"It is laid upon us to believe this message. Can anyone beneath this hall roof deny that in him or her now there does lie the desire to ride? I spoke apart with Kyllan Tregarth — in him there was truth. I think we are summoned to his journey and it is one we cannot gainsay."
As she so put it into words, my uneasiness was gone; rather there arose in me an eagerness to he on the way, as if before me lay some great and splendid adventure. And glancing about I saw signs on the faces of the others that in this we were agreed.
Thus, gathering what gear we should need for such a journey, not knowing into what we rode, we went forth from the Manor we had thought to make our home, heading into a wilderness in which might lurk worse danger than ever came out of Karsten or Kolder.
Thus, we came into Escore, a land long ago wracked by the magic of those adepts who had believed themselves above the laws of man and nature. In an uneasy peace, it had lain for generations keeping a trembling balance between the forces of Light and those of the Dark. The adepts were gone — some had perished in wild quarrels with their fellows which had left the land blasted and shadowed. Others had wrought gates into other times and worlds and, possessed by curiosity — or greed for power — had departed through those.
Behind, the vanished Great Ones had left a residue of all their trafficking in forbidden things. They had created, by mutation, life forms different from humankind. Some of these were close enough to man to allow kinship of a sort. Others were of the Dark and harried the country at their will.
Before the Old Race had claimed such power, there had been another people in the land; not human, but appearing so. These had a deeper tie with the earth itself than any man could have, for they did not strive to rend or alter it as is the custom of my kind; rather did they live with it, yielding to the rhythms of the seasons, the life which the soil nourished and sustained.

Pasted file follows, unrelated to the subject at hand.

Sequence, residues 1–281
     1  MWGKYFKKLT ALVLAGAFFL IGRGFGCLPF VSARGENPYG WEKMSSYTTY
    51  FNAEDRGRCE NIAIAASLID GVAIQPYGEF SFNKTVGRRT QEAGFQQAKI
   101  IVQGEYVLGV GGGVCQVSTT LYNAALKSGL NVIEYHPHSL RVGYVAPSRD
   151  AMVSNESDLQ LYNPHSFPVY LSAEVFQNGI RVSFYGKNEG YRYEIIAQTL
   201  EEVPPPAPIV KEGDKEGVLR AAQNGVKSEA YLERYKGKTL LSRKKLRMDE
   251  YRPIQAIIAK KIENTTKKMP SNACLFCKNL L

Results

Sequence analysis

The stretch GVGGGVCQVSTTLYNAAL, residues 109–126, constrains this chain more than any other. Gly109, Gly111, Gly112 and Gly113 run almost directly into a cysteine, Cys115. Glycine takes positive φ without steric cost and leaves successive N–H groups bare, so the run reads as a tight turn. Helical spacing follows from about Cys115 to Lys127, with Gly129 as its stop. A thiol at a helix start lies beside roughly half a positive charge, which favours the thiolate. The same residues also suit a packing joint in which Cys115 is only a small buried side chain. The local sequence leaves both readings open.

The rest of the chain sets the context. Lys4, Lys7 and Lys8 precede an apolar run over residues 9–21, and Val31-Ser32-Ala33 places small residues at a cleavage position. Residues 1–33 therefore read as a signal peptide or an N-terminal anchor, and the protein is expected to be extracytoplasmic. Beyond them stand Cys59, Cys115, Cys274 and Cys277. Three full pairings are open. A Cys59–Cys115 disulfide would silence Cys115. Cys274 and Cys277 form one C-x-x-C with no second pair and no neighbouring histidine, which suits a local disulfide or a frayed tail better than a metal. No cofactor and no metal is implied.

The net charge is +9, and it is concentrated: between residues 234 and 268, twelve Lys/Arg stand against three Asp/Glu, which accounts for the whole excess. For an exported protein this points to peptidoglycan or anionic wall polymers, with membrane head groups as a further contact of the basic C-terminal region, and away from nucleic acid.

These were the People of Green Silences. When the doom wrought by the adepts came upon the land, they withdrew to a waste yet farther east, taking with them or drawing to them certain of the creatures which the adepts had bred. And there they dwelt, holding well aloof from all others.
But there were remnants of the Old Race who were not seekers after forbidden knowledge. And those had journeyed westward, preyed upon by things of the Shadow, until they reached Estcarp and Karsten. There, even as the Witches had done to defeat Ragan, those among them possessing the Power had wrought a mighty earthshaking, walling out their ancient homeland. So strong was the geas they then laid upon men that we could not even think of the east — it dropped from our memories. Until the lords of the House of Tregarth and their sister, being of half blood and so immune to this veiling, dared return.
Our journey was not an easy one. The land itself put many barriers in our way. And also, though we were met by those Kyllan had aroused to wish us well, we were dogged by creatures of the Dark, so that we won to the Green Valley as pursued as we had been in the flight from Karsten a generation earlier.
But the Valley was a haven of safety — having at its entrance special deep-set runes and signs carved. And none that were not free of any dealing with the Shadow could pass those and live.
The houses of the Green People were strange and yet very pleasing to the eye, for they were not wrought by man from wood and stone, but rather grown, tree and bushes twined together to form walls as deep as those of any Border keep. And their roofing was of the brilliant green feathers shed in season by those birds which obeyed the Lady Dahaun.(Continues…)
Excerpted from "Witch World: Estcarp Cycle"
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Table of Contents
TREY OF SWORDS,
THE GATE OF THE CAT,
About the Author,
Most Helpful Customer Reviews
Once again I enjoy a reread of Andre Nortons books.
Very good stories for teens and older,